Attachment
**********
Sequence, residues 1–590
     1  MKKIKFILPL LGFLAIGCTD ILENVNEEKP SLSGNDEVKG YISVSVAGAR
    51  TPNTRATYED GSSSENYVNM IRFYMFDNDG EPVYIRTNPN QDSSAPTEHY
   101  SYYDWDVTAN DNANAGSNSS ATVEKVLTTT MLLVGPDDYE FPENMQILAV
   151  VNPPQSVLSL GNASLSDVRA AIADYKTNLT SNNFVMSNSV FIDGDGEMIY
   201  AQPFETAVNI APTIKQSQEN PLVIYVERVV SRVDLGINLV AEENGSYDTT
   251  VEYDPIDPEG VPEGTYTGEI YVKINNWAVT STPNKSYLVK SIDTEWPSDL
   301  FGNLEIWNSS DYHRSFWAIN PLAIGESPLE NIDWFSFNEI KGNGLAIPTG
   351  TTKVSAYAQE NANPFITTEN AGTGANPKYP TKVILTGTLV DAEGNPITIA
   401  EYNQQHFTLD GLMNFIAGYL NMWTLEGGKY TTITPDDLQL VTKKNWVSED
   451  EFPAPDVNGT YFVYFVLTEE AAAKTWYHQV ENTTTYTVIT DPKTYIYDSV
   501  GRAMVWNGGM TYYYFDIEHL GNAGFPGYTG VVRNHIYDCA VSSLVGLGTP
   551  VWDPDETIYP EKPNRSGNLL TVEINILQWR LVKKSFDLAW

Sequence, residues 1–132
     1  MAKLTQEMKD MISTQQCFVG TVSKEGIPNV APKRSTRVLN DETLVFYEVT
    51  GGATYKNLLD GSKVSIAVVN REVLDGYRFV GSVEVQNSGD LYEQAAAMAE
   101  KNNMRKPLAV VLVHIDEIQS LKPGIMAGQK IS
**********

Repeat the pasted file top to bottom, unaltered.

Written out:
Sequence, residues 1–590
     1  MKKIKFILPL LGFLAIGCTD ILENVNEEKP SLSGNDEVKG YISVSVAGAR
    51  TPNTRATYED GSSSENYVNM IRFYMFDNDG EPVYIRTNPN QDSSAPTEHY
   101  SYYDWDVTAN DNANAGSNSS ATVEKVLTTT MLLVGPDDYE FPENMQILAV
   151  VNPPQSVLSL GNASLSDVRA AIADYKTNLT SNNFVMSNSV FIDGDGEMIY
   201  AQPFETAVNI APTIKQSQEN PLVIYVERVV SRVDLGINLV AEENGSYDTT
   251  VEYDPIDPEG VPEGTYTGEI YVKINNWAVT STPNKSYLVK SIDTEWPSDL
   301  FGNLEIWNSS DYHRSFWAIN PLAIGESPLE NIDWFSFNEI KGNGLAIPTG
   351  TTKVSAYAQE NANPFITTEN AGTGANPKYP TKVILTGTLV DAEGNPITIA
   401  EYNQQHFTLD GLMNFIAGYL NMWTLEGGKY TTITPDDLQL VTKKNWVSED
   451  EFPAPDVNGT YFVYFVLTEE AAAKTWYHQV ENTTTYTVIT DPKTYIYDSV
   501  GRAMVWNGGM TYYYFDIEHL GNAGFPGYTG VVRNHIYDCA VSSLVGLGTP
   551  VWDPDETIYP EKPNRSGNLL TVEINILQWR LVKKSFDLAW

Sequence, residues 1–132
     1  MAKLTQEMKD MISTQQCFVG TVSKEGIPNV APKRSTRVLN DETLVFYEVT
    51  GGATYKNLLD GSKVSIAVVN REVLDGYRFV GSVEVQNSGD LYEQAAAMAE
   101  KNNMRKPLAV VLVHIDEIQS LKPGIMAGQK IS